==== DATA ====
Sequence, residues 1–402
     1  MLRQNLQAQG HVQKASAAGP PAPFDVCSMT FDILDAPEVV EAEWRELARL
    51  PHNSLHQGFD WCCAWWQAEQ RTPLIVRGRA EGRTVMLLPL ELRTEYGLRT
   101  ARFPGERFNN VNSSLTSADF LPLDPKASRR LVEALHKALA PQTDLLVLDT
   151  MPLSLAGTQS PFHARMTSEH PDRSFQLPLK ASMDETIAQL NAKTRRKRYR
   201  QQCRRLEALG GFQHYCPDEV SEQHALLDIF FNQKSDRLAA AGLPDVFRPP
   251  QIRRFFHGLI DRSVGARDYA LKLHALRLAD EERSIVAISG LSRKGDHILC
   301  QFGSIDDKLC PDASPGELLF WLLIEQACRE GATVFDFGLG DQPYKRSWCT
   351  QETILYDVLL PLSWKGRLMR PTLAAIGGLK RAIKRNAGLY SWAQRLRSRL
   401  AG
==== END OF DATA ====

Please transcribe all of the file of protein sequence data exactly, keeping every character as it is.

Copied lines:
Sequence, residues 1–402
     1  MLRQNLQAQG HVQKASAAGP PAPFDVCSMT FDILDAPEVV EAEWRELARL
    51  PHNSLHQGFD WCCAWWQAEQ RTPLIVRGRA EGRTVMLLPL ELRTEYGLRT
   101  ARFPGERFNN VNSSLTSADF LPLDPKASRR LVEALHKALA PQTDLLVLDT
   151  MPLSLAGTQS PFHARMTSEH PDRSFQLPLK ASMDETIAQL NAKTRRKRYR
   201  QQCRRLEALG GFQHYCPDEV SEQHALLDIF FNQKSDRLAA AGLPDVFRPP
   251  QIRRFFHGLI DRSVGARDYA LKLHALRLAD EERSIVAISG LSRKGDHILC
   301  QFGSIDDKLC PDASPGELLF WLLIEQACRE GATVFDFGLG DQPYKRSWCT
   351  QETILYDVLL PLSWKGRLMR PTLAAIGGLK RAIKRNAGLY SWAQRLRSRL
   401  AG